5. Centers for Disease Control and Prevention. (2015a). Glossary of terms. Retrieved from http://www.cdc.gov/physicalactivity/basics/glossary/index.htm.
  6. Centers for Disease Control and Prevention. (2015b). How much physical activity do adults need?. Retrieved from https://www.cdc.gov/physicalactivity/basics/adults/index.htm
  7. Centers for Disease Control and Prevention. (2015c). Increasing physical activity among adults with disabilities. Retrieved from http://www.cdc.gov/ncbddd/disabilityandhealth/pa.html
  8. Centers for Disease Control and Prevention. (2015d). Measuring Physical activity intensity. Retrieved from http://www.cdc.gov/physicalactivity/basics/measuring/heartrate.htm.
  9. Centers for Disease Control and Prevention. (2015e). Physical activity and health. Retrieved from http://www.cdc.gov/physicalactivity/basics/pa-health/.
  10. Centers for Disease Control and Prevention. (2015f). Nutrition, physical activity and obesity: Data, trends, and maps. Retrieved from https://nccd.cdc.gov/NPAO_DTM/
  11. Donlin-Washington, W., McMullen, D., & Devoto, A. (2016). A matched deposit contract intervention to increase physical activity in underactive and sedentary adults. Translational Issues in Psychological Science, 2, 101–115.Google Scholar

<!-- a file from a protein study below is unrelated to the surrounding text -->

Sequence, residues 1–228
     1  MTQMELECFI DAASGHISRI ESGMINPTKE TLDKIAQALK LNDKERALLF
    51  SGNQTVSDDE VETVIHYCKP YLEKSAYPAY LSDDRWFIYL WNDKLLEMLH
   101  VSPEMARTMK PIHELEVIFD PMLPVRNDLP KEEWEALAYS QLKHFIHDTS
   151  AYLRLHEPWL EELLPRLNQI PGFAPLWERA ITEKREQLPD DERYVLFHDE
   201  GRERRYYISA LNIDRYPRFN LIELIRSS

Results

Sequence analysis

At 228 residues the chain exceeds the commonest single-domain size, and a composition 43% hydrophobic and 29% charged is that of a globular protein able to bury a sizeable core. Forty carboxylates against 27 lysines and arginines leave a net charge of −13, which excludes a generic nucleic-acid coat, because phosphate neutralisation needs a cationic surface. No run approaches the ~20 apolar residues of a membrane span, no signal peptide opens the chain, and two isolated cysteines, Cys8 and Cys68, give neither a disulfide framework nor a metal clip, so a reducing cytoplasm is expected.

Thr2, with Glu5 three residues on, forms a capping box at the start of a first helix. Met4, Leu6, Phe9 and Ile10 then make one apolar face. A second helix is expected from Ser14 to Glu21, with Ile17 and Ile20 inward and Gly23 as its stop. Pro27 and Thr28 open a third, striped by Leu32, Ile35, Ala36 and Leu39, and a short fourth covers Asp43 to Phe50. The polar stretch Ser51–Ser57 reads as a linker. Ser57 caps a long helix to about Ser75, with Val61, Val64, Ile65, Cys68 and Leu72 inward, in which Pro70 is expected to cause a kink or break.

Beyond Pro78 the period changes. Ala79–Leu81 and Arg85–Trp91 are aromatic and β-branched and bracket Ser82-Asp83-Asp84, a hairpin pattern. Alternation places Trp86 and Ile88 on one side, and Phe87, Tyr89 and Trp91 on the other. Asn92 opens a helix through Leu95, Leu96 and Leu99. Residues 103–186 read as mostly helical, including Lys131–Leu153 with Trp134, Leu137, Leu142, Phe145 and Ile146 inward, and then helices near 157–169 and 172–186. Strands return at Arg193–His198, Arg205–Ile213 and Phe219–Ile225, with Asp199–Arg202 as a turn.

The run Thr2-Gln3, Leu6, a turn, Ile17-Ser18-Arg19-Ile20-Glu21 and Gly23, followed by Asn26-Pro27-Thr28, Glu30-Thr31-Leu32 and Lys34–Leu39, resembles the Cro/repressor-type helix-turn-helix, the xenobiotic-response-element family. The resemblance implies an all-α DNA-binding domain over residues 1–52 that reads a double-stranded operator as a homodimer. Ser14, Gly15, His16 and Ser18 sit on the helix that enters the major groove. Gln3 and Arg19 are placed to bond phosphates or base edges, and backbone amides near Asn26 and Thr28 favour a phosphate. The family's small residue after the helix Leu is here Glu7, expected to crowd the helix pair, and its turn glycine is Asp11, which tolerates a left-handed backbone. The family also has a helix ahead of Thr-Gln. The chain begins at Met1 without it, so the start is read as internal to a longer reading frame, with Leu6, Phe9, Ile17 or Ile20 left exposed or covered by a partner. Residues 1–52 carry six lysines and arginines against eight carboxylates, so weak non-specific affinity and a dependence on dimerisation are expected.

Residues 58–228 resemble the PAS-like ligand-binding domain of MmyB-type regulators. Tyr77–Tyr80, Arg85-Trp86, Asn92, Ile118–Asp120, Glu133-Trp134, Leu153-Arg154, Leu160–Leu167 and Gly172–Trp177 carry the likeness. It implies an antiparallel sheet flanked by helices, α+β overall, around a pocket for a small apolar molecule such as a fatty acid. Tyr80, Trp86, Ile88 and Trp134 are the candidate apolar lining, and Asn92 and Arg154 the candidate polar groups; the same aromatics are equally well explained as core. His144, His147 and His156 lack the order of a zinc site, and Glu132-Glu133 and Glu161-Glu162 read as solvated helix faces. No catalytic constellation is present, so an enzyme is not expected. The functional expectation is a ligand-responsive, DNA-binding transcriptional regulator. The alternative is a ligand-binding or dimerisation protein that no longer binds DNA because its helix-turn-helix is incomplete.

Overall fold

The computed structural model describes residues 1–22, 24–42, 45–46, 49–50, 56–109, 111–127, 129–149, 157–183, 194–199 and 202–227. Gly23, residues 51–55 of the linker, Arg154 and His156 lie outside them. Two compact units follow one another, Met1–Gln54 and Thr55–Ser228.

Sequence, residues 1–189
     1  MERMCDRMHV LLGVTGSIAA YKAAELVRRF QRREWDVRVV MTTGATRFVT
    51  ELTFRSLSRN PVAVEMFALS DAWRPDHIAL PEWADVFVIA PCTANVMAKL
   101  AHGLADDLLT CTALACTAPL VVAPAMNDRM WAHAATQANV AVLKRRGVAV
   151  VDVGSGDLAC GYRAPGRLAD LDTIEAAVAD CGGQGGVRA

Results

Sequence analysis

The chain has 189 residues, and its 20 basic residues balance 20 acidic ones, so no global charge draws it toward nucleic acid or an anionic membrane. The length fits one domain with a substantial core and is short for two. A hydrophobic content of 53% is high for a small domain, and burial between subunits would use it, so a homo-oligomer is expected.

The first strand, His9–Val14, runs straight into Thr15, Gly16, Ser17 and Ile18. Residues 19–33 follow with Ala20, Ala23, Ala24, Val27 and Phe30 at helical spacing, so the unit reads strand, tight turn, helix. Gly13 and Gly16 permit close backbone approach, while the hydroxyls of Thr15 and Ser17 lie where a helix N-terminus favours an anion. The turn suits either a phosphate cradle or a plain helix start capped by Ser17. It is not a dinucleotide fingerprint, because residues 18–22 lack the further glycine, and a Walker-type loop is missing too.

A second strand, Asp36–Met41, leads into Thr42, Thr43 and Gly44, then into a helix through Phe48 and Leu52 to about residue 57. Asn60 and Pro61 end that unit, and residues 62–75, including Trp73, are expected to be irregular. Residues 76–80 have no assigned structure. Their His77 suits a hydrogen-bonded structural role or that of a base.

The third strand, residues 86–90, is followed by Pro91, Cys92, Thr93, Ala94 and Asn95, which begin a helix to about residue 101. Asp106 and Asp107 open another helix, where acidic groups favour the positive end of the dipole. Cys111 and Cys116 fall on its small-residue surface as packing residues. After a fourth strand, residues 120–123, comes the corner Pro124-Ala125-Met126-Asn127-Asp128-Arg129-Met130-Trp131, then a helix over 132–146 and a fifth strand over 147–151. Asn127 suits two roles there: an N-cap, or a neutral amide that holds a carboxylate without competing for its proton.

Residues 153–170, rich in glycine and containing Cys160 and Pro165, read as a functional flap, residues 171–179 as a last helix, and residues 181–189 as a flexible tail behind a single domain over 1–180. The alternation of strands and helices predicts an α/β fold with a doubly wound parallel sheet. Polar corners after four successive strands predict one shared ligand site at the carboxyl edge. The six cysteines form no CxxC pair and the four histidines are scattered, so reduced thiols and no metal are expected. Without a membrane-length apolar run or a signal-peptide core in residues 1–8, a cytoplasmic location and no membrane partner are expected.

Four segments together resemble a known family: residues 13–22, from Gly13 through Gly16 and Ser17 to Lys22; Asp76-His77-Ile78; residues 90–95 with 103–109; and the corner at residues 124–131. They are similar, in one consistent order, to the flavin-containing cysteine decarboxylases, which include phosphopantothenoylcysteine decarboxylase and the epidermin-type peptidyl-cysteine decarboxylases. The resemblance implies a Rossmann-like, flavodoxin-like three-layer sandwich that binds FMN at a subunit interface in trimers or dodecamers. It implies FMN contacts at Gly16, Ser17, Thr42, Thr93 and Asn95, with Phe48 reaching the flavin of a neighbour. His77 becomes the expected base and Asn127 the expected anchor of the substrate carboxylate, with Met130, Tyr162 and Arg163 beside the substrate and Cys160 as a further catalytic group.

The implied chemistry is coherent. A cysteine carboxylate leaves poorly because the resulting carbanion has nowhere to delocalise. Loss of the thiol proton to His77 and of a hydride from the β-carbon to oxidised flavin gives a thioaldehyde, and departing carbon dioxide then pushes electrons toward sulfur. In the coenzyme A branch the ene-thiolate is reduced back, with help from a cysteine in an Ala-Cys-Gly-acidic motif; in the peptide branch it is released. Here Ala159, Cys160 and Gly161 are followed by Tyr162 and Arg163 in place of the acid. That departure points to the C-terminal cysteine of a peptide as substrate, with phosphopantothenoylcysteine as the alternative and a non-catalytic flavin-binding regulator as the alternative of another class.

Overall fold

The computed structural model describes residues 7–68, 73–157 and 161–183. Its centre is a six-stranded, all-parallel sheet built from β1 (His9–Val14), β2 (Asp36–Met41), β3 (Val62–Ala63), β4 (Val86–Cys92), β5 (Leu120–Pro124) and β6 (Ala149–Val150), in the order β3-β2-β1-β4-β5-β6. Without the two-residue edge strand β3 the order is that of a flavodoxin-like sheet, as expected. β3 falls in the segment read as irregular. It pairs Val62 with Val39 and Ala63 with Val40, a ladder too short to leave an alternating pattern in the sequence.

12. Heller, T., McCubbin, J. A., Drum, C., & Peterson, J. (2011). Physical activity and nutrition health promotion interventions: What is working for people with intellectual disabilities? Intellectual and Developmental Disabilities, 49, 26–36.  https://doi.org/10.1352/1934-9556-49.1.26.CrossRefGoogle Scholar
  13. Janz, K. F., Burns, T. L., Torner, J. C., Levy, S. M., Paulos, R., Willing, M. C., & Warren, J. J. (2001). Physical activity and bone measures in young children: The Iowa bone development study. Pediatrics, 107, 1387–1393.  https://doi.org/10.1542/peds.107.6.1387.CrossRefGoogle Scholar
  14. Krentz, H., Miltenberger, R. G., & Valbuena, D. A. (2016). Using token reinforcement to increase walking for adults with intellectual disabilities. Journal of Applied Behavior Analysis, 49, 745–750.  https://doi.org/10.1002/jaba.326.CrossRefGoogle Scholar
  15. Kurti, A. N., & Dallery, J. (2013). Internet-based contingency management increases walking in sedentary adults. Journal of Applied Behavior Analysis, 46, 568–581.  https://doi.org/10.1002/jaba.58.CrossRefGoogle Scholar
  16. Kurti, A. N., Davis, D., Redner, R., Jarvis, B., Zvorsky, I., Keith, D. R., et al. (2016). A review of the literature on remote monitoring technology in incentive-based interventions for health-related behavior change. Translational Issues in Psychological Science, 2, 128–152.  https://doi.org/10.1037/tps0000067.CrossRefGoogle Scholar
  17. LaLonde, K. B., MacNeill, B. R., Eversole, L. W., Ragotzy, S. P., & Poling, A. (2014). Increasing physical activity in young adults with autism spectrum disorders. Research in Autism Spectrum Disorder, 8, 1679–1684.  https://doi.org/10.1016/j.rasd.2014.09.001.CrossRefGoogle Scholar